Grilled Trout Dinner
Camping & Fishing
And…we’re back! You may deduce from the post title that our fishing trip was indeed a success!:)
We had an awesome trip camping and fishing for 6 days through the back roads from the Columbia Valley to West Harrison, Sloquet, a day trip to St. Agnes Well, and a stop along the Chilliwack-Vedder on our return.
We always camp in remote areas where you are unlikely to bump into any people – we brought a tent for my uncle, but Kevin and I slept in the back of my Jeep with the hatch open so 6’1 Kevin could get a little leg room.
We were deep into bear and cougar country, so this does indeed make a person a tad nervous before bedtime, especially during a fire ban. By the second night I decided to just accept it and sleep soundly – Kevin’s feet were sticking out – they will eat him first. LOL.
Camping during a fire ban is not quite the same! You really miss that fire at night, but we brought a propane burner for cooking, and it made a decent imitation for a couple hours during the evenings.
For anyone who knows the Harrison area, I discovered some interesting information. While walking to a fishing hole, I spotted an Elk! I did a little reading and found out they were reintroduced to the area in December 2013. I wish I’d had my camera on me!
The Elk was only 100 yards away and several hundred pounds, a very healthy looking girl. She stood watching me watch her for probably a full 2 minutes before bounding up the mountain side at a good clip – putting mere human hiking to shame by comparison.
We spotted several deer and grouse. I called to a grouse on the roadside with her baby, and she surprised us all by approaching me to within 15 feet before she and her baby disappeared into the trees.
We also made stops to several natural hot springs – if only I could do that everyday! It is so relaxing! It has to be the minerals in the water, it just revitalises you in a way regular pools do not. If you have never been, absolutely make a trip if you can, it is wonderful.
We caught quite a few trout and released most of them. As promised, a very tasty, 100% fresh from the garden and river, grilled trout dinner recipe follows. (OK, the corn is from someone else’s garden – but still garden fresh!)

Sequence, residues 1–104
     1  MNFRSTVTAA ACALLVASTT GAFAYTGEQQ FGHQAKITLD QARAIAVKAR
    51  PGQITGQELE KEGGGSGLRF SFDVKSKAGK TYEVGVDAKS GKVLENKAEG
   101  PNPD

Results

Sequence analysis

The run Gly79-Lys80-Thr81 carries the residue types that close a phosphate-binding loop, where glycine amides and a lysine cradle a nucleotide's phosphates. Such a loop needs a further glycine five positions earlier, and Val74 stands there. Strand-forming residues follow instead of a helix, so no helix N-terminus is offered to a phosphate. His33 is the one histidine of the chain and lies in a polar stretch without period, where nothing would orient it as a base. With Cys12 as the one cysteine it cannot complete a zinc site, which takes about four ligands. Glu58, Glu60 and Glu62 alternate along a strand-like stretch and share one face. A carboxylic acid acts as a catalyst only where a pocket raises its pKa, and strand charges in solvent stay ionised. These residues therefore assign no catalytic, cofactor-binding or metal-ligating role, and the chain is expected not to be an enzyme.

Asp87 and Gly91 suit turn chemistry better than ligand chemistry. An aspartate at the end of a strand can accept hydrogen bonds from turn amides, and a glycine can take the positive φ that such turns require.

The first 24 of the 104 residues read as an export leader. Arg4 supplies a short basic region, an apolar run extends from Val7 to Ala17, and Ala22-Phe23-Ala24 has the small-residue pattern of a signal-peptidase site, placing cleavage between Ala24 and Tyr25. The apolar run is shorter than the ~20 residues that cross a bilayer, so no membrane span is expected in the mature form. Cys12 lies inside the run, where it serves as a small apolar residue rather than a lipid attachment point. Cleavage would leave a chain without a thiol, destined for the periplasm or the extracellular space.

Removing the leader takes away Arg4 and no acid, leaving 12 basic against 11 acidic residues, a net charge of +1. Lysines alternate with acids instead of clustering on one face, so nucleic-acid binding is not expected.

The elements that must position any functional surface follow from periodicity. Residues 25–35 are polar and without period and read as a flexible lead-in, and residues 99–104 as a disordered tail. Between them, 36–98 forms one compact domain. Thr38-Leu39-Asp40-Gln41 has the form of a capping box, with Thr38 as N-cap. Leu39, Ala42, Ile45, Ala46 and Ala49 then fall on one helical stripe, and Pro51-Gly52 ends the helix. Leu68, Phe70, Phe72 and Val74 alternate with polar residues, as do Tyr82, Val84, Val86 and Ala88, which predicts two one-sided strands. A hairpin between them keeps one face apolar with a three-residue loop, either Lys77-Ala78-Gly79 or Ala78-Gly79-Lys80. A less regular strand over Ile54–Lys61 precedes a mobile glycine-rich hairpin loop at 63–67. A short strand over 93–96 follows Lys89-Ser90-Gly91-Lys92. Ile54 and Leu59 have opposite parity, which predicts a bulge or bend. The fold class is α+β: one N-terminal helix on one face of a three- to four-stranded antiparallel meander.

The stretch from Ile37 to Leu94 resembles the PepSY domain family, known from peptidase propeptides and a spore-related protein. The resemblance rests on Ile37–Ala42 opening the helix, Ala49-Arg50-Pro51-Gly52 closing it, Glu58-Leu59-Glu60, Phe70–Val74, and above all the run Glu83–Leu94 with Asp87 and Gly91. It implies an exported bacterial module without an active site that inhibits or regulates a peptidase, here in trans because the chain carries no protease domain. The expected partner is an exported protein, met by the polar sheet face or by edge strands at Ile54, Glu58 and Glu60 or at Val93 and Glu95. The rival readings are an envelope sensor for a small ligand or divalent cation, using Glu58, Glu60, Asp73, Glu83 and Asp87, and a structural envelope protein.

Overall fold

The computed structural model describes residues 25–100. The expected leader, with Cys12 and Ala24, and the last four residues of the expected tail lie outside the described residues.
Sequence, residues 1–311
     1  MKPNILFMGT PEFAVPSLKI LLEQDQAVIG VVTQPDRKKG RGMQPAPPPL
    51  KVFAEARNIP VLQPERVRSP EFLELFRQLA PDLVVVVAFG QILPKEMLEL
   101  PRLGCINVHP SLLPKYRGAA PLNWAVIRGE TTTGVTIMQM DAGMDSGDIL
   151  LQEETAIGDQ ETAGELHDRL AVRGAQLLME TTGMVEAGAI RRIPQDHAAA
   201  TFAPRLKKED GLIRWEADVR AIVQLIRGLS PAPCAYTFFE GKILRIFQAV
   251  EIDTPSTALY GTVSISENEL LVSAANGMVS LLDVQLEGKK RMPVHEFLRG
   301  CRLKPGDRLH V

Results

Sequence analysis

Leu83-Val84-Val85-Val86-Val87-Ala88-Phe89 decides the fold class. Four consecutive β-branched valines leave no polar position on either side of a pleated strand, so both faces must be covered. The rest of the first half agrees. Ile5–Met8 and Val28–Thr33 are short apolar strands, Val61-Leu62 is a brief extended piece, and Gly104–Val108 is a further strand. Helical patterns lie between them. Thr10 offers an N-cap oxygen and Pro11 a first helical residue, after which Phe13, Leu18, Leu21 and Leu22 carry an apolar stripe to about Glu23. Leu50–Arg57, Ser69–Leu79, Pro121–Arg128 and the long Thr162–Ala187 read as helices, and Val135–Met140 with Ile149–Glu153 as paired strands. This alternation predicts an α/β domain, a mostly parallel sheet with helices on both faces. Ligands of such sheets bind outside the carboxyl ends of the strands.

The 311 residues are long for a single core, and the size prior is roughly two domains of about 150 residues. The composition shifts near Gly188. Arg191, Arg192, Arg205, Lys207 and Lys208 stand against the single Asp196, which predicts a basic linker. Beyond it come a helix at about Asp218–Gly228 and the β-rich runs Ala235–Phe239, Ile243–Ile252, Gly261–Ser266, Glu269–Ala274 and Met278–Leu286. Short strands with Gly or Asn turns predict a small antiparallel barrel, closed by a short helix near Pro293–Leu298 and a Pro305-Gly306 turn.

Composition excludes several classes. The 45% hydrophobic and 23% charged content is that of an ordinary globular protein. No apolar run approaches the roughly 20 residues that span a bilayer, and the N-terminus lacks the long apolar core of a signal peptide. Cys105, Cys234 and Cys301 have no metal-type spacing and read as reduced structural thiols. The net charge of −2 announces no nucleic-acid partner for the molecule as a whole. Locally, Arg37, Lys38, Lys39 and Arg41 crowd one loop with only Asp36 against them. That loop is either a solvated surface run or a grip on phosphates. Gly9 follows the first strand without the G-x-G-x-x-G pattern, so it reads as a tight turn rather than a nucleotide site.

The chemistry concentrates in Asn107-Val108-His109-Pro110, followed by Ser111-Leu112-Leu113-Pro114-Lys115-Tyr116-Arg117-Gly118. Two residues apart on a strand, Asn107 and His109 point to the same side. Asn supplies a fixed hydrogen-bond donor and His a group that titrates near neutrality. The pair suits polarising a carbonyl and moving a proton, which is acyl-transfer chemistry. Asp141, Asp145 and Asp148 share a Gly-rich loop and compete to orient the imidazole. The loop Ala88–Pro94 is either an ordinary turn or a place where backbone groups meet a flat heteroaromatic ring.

For our trout dinner we used potatoes, onions, and herbs from our garden, and stopped at a roadside stand in Chilliwack for some corn (ours isn’t ready yet).
As it turns out, we arrived back in the Columbia Valley only days before a fishing ban across southern B.C. – although Harrison and Chilliwack-Vedder remain open due to their size.
I did have to make a shopping trip to replace my computer, so I was offline a bit longer than planned, but now I’ll be able to complete tasks sometime during this decade since my ‘spare’ computer was just not cutting it.
I am loving this new computer though! I bought an Acer Aspire. It is very fast, has a nice long battery life, and 1 TB HDD. Very nice and relatively affordable.
I am back in Prince George for another month or two, missing home once again – but I did start on something I will really miss here once I’m back home…there is a large, mostly unused swimming pool in this building. I’ve been doing laps every morning, what a great way to start the day! I’d forgotten how much I loved swimming…
Grilled Trout Dinner
Preheat your grill to high heat while preparing everything.
Slice potatoes to 1/2″ thickness and toss with oil, fresh chopped herbs (we used savory, basil, and dill), salt and pepper, and fresh minced garlic.
Remove outer layers of husk and carefully peel back remaining husk without removing it.
Remove the corn silk before coating each ear with butter.
Re-cover the corn with the husk.
Gut the fish. Under cold water and using a spoon, remove/scrape away any remaining inedible parts from inside the fish.
Make a mixture of oil, minced garlic, onion, fresh herbs (we used savory, basil, and dill), and salt and pepper; and use the mixture to stuff the inside of the trout.
In a large container, mix flour with salt and pepper.
With the skin of the trout still damp from washing them out, place in flour mixture, coating entire fish. You could also pat the trout dry and coat with oil rather than water if desired.
We grilled the potatoes first, and set them aside in a tin to stay warm, followed by the corn, and last but not least the trout. A large steel griddle was preheated to cook the trout on. (These retain heat so well, they are great in the kitchen or when camping, along with your cast iron!)
Depending on the size of your fish, cook for about 5 – 7 minutes per side.
Serve with lemon slices and fresh cracked black pepper. Yum!